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Almond Tofu Dessert

26 Oct
almond dessertlocationdesRight Next to Jingmei Station Exit 1 (map)
Information: It seems all I can write about are desserts nowadays, but you can’t blame me, they’re so freakin’ delicious! Here’s one I tried at the Jingmei night market. Tofu in Taiwan comes in all kinds of flavors, textures and sizes; both savory and sweet. Just recently I bought a package of cold oatmeal tofu and the night before I had a lovely hot pot dinner with dried white tofu, cold white tofu and ”tofu skin”,which tasted a little meaty. You can also find it steamed with eggs and seafood; anyway, there’s loads. I am definitely into the dessert versions (check out the traditional dessert 豆花 here). The tofu of this dessert was mixed with almond milk and almond extract; it created a very creamy nutty flavor. Other ingredients were Azuki beans, chewy fruit jelly and milk. The flavors are always so interesting; like for example the fruit jelly and creamy tofu tasted somewhat like fruit with whipped cream; lovely. What I like about desserts here is that they’re not overly sweet, but always have a very rich flavor and you always taste ingredients to the fullest. Anyway; Almond Tofu; try it. You can also find plain almond tofu in your regular supermarket 🙂
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Categories:    Desserts!

芋圓 – Taro Balls !

15 Oct

Jiu Fen Taro Balls 芋圓(yu yuan)taro blz

locationdesJiu Fen (九份)is a mountain area near Keelung; it has a narrow but amazing tourist market, hiking trails, loads of beautiful scenic spots, an old street and oh yeah, food! The nearest train station (no MRT) is Ruifang; but I’d suggest to go there by bus. Buses leave regularly from Zhongxiao Fuxing MRT Station (see Map)
Information: From a foodie aspect; the Jiufen market is an excellent way to try out so many new, different kinds of food. You wouldn’t even have to pay a single penny, you could pre-taste everything! The area is known for 3 different kinds of food, of which Taro Balls, I think, are the most recommended, as the food is said to originate from this area. (Besides taro balls, you’ll also come across a lot of Rouyuan(Bawan) (check my post on those here) and multi colored fish balls). As for Taro Balls, you can get them everywhere and all around Taiwan, but texture and taste are definitely best in Jiufen. Taro balls are made out of Taro and potato starch (most likely) and they have a thick doughy texture. Next to the taro version, you can also find sweet potato or red/green been balls (and probably other flavors). They can be eaten hot or cold and often serve as a topping for shaved ice or dessert soups. Unlike tapioca, taro balls do not only have an amazing texture but also add to the flavor of the dessert. I recommend eating them warm; that way you get a lush, rich taro tasting experience! 😀taro balls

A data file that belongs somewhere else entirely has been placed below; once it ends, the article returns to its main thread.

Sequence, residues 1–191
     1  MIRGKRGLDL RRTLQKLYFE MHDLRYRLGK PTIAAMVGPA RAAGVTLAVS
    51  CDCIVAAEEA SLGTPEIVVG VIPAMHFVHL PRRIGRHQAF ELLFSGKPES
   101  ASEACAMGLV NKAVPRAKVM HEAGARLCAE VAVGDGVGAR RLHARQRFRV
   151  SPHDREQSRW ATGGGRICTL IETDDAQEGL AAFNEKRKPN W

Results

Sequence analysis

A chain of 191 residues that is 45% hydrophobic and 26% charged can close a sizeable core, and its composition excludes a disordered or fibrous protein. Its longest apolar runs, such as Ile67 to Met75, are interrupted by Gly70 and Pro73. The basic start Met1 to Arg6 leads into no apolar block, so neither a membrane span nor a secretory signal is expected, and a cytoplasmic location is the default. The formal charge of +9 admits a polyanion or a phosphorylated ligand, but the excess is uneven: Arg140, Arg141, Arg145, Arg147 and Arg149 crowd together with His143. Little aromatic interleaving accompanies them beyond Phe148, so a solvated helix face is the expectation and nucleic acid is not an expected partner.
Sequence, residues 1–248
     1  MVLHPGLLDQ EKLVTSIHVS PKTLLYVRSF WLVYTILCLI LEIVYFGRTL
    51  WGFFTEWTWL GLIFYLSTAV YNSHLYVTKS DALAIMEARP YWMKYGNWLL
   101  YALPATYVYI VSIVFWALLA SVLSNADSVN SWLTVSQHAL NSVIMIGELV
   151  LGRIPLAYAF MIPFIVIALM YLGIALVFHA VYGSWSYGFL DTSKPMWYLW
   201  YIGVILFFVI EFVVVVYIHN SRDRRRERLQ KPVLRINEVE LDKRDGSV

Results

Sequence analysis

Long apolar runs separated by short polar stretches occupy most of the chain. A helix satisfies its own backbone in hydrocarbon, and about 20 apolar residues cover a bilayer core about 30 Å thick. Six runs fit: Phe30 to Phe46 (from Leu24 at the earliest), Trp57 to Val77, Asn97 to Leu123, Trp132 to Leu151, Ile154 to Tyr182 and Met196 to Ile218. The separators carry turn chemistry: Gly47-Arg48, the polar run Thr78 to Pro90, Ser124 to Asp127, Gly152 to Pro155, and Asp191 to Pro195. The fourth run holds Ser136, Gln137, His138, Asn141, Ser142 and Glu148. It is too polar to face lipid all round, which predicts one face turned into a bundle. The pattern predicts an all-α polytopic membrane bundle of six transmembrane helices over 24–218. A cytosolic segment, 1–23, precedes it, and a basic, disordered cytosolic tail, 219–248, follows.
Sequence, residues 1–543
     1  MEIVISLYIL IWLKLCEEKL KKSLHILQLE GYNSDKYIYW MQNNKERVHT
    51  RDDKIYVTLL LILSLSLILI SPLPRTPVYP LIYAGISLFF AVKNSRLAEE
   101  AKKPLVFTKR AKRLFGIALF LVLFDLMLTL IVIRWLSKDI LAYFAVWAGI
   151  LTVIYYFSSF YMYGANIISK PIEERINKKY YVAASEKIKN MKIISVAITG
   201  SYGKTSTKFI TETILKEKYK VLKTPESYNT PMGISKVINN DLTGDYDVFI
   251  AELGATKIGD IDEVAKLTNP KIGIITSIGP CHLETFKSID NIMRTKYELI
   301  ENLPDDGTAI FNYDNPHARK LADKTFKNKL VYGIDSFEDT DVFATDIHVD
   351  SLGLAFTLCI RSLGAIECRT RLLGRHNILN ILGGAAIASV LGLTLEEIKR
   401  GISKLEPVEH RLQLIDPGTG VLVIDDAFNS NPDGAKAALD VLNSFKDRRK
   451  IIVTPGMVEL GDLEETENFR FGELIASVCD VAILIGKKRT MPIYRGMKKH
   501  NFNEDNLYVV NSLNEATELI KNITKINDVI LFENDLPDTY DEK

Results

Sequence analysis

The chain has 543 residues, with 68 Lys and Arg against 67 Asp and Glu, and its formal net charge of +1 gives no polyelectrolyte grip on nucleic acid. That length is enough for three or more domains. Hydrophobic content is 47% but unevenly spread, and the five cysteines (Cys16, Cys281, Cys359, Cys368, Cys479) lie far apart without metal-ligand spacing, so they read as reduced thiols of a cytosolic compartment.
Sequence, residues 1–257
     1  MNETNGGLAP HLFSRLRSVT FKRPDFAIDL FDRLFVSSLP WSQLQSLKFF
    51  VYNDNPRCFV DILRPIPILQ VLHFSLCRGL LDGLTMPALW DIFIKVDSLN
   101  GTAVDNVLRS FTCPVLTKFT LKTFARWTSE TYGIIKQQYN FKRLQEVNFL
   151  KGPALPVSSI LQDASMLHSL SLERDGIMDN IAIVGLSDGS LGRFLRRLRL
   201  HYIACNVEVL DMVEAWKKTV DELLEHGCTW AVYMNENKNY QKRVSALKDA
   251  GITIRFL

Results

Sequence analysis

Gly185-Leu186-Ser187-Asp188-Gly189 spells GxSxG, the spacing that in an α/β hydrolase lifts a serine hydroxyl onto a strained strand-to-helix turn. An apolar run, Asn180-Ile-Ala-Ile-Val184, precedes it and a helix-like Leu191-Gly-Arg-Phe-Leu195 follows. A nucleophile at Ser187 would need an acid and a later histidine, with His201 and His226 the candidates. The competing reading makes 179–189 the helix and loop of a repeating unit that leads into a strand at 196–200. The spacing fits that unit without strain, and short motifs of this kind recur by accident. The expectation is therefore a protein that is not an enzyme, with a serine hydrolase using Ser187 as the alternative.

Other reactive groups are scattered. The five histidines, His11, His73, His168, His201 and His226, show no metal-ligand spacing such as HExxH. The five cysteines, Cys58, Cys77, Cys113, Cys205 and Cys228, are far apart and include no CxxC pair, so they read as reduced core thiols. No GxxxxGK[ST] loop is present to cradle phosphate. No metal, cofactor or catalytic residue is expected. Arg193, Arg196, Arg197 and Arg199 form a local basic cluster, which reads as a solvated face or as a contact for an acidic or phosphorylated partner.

Categories: DESSERTS

Coco Curry House: Japanese Curry

8 Oct
photo (2)locationdesLocation: Closest MRT station is Gongguan; leave from exit 2 and walk towards the university entrance
Information: To me, a big plate of Japanese curry is real comfort food. After a day of hard work, sitting down at the table and getting served a plate of homemade curry is the best. Eating it brings back memories of my childhood. I am actually surprised by the lack of curry restaurants in Taipei, even though Japanese cuisine is so intertwined with Taiwanese cuisine. Luckily, the Japanese curry chain restaurant has multiple locations in Taipei. The one we went to in Gongguan (right next to the MRT station) had a fairly trendy décor. The menu is really similar to that in Japan with lots of different options; fried chicken, fried pork cutlet (tonkatsu), prawns, hamburger and lots more.  In addition, you can change the portion of rice and choose the spiciness of the curry.  Plus, you can select extra toppings, including an egg, extra meat and vegetables.  I had picked a fried pork cutlet with my curry and a hard-boiled egg (only had those). The taste was pretty much the same as in Japan; in other words it was pretty good. On another occasion I had tried the fried chicken with cheese curry. Although the cheese doesn’t have a strong taste it really adds to the texture in a good way. The fried chicken, however, was too tender, and not so fatty. This might be a plus for some people, but I didn’t enjoy it too much.
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Rating: Prices are around NTD 200, including free water, which the staff constantly keeps pouring. The curry, although not homemade, tastes authentic and is nice. I would recommend this place, especially when you are really hungry as the portions are big.

Categories: photo (5)

Taro, Coconut Milk & Tapioca Dessert (芋頭西米露)

22 Sep
taro coconutlocationdesClose to NCCU University, The Zoo and Maokong Mountain. It’s also close to where I live, if you want to stalk me. Anyway, it’s a little hard to find, but I think this place is worth going to because it’s local, traditional and cheap.  Take any bus towards Jingmei Girls Highschool (景美女中)from Qizhang七張 station or Taipei Zoo Station (map) and walk about 5 minutes down the street towards NCCU University.
Information: Ahh yes, Taro. Finally I get to introduce a dessert with Taro as its main ingredient. Taro is a purple root vegetable similar in texture to that of a potato. Like Sweet Potato, it can be added to both savory and sweet dishes. The original flavor of Taro is actually a little bit salty, but when adding sugar(sweetener/honey/anything) and any liquid, the texture and flavor change completely, which is what makes Taro so interesting. In this dessert, sweetened taro is added to a traditional dessert soup from Hong Kong (I think, or southern China). It’s called ”Sai Mai Lo” in Cantonese, but the slightly cuter Xi Mi Lu (西米露) is used here in Taiwan. It’s made out of coconut milk and tapioca and you can eat it like that (hot or cold), or with other ingredients, like Taro. When taking a bite of this dessert, you’ll feel like you’re eating frosting off of a cake..without the cake! Cooked/Steamed taro and creamy liquids really complement each other. Tapioca is added, again, for the texture. The pearls used in Xi Mi Lu are really small and you don’t need to bite on them, which is why you won’t get much of that ”jelly” feel.  Try anything sweet with taro! It’s delicious.